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  • Oral presentation
  • Open Access

Assessing the presence of selection bias in meta-analyses of randomised trials using baseline heterogeneity

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Trials201314 (Suppl 1) :O96

https://doi.org/10.1186/1745-6215-14-S1-O96

  • Published:

Keywords

  • Public Health
  • Intervention Group
  • Internal Medicine
  • Systematic Review
  • Selection Bias

Objective

To assess the likelihood of biased trials contained in 12 recently published meta-analyses.

Design

A review of component randomised controlled trials of systematic reviews with 12 meta analyses.

Data sources

12 recently published systematic reviews with 503 component randomised trials, which were published in the BMJ, Lancet, JAMA and The Annals of Internal Medicine up until May 2012.

Eligibility criteria for selecting studies

Systematic reviews were eligible for inclusion if they included only randomised controlled trials (RCTs). We obtained the full text for the component RCTs of the 12 systematic reviews. We excluded RCTs which were not available in English from our review and analysis.

Results

Five of the 12 meta-analyses exhibited heterogeneity (I2 >0.30) in age differences, when there should have been none, with two having significant or substantial heterogeneity (I2 > 0.50). In three meta-analyses we found that the age of intervention group was statistically significantly higher than in the control group. Two meta-analysis had a distribution of p-values that were inconsistent with chance. Meta-regression explained some of the observed heterogeneity in two meta-analyses as a consequence of poor allocation concealment.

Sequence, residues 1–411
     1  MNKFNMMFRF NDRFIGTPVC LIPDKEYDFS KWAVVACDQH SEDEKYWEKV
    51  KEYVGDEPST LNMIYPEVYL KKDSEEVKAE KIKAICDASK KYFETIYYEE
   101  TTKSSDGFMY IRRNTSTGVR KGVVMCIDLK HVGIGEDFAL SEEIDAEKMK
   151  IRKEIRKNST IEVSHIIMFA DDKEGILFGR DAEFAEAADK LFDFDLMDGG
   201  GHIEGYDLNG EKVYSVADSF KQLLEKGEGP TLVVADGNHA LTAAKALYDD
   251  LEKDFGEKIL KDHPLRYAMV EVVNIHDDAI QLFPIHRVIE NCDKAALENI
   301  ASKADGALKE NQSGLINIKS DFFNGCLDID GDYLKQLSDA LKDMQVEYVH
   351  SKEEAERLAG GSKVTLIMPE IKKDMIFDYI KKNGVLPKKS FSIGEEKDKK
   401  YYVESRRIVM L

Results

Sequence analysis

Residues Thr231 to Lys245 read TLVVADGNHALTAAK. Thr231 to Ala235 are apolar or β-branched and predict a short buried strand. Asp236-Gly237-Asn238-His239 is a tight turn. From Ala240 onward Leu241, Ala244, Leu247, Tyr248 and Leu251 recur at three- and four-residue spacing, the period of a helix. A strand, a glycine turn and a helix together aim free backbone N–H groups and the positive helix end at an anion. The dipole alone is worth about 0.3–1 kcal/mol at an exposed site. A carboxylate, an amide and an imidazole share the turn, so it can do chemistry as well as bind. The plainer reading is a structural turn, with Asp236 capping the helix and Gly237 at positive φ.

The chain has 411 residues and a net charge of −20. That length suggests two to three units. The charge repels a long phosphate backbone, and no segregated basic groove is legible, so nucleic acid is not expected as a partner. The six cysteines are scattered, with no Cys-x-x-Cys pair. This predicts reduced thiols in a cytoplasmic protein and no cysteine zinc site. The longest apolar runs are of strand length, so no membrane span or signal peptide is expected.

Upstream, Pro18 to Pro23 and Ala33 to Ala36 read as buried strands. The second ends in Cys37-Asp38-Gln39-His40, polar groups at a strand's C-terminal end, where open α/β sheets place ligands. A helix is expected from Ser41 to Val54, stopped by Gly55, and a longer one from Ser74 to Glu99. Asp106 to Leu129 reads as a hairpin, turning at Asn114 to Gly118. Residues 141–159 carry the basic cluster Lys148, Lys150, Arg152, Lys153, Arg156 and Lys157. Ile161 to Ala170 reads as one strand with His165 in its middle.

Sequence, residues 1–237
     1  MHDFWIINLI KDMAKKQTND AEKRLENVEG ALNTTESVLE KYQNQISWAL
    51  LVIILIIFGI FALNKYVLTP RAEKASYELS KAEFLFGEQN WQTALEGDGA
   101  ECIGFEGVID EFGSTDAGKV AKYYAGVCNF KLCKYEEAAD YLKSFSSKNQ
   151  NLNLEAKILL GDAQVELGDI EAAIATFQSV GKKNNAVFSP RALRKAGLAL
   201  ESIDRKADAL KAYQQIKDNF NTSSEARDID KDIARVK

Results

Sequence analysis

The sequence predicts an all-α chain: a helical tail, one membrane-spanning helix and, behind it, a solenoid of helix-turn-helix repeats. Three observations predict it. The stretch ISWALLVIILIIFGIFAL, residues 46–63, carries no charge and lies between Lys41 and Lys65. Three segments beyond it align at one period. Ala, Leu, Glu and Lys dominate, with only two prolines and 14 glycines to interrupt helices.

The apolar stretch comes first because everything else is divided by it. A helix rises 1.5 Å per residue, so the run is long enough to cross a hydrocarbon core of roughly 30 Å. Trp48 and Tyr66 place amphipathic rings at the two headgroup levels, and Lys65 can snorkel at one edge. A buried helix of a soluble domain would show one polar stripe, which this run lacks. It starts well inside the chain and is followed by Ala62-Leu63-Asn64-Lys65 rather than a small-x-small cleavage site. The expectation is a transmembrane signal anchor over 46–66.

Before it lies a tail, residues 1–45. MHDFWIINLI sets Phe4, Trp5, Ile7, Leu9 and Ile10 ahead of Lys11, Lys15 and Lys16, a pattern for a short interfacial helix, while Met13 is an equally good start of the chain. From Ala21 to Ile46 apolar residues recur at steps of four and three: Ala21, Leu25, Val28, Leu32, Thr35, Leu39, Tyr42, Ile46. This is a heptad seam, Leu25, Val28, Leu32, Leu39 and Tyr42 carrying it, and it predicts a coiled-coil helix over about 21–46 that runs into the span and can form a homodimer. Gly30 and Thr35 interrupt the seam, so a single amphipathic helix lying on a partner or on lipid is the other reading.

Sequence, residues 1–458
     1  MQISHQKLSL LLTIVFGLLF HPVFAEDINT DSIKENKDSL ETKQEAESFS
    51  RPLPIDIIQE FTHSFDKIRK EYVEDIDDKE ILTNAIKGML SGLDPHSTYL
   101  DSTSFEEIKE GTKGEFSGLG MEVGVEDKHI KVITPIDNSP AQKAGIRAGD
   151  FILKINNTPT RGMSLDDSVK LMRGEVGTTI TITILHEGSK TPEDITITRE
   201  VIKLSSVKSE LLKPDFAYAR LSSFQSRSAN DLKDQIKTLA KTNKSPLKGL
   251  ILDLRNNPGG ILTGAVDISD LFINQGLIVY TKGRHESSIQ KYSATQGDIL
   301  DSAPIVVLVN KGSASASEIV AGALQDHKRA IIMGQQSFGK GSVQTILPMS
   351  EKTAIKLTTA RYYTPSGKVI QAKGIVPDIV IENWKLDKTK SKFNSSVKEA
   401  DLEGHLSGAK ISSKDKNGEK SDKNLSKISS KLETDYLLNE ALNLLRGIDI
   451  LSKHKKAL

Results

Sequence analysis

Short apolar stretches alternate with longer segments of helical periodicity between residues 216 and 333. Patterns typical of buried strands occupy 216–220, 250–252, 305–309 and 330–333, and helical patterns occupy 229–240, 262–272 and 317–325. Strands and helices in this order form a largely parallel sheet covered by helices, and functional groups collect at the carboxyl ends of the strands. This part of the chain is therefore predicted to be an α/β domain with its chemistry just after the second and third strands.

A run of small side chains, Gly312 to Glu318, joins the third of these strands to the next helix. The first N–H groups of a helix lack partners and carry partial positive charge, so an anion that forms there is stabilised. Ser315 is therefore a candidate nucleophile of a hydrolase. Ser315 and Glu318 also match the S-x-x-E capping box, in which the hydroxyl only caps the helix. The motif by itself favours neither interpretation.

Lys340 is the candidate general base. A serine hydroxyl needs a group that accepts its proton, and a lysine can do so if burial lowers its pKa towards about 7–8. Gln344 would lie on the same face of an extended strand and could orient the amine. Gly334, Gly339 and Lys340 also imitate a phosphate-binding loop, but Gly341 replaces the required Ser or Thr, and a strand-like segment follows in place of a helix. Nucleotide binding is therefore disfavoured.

Conclusions

The majority of a sample of recent meta-analyses showed that there were signs of imbalance and or heterogeneity in ages between treatment groups, when there should have been none. Systematic reviewers might consider using the techniques described here to assess the validity of their findings.

Authors’ Affiliations

(1)
University of York, York, UK

Copyright

© Clark et al; licensee BioMed Central Ltd. 2013

This article is published under license to BioMed Central Ltd. This is an Open Access article distributed under the terms of the Creative Commons Attribution License (http://creativecommons.org/licenses/by/2.0), which permits unrestricted use, distribution, and reproduction in any medium, provided the original work is properly cited.

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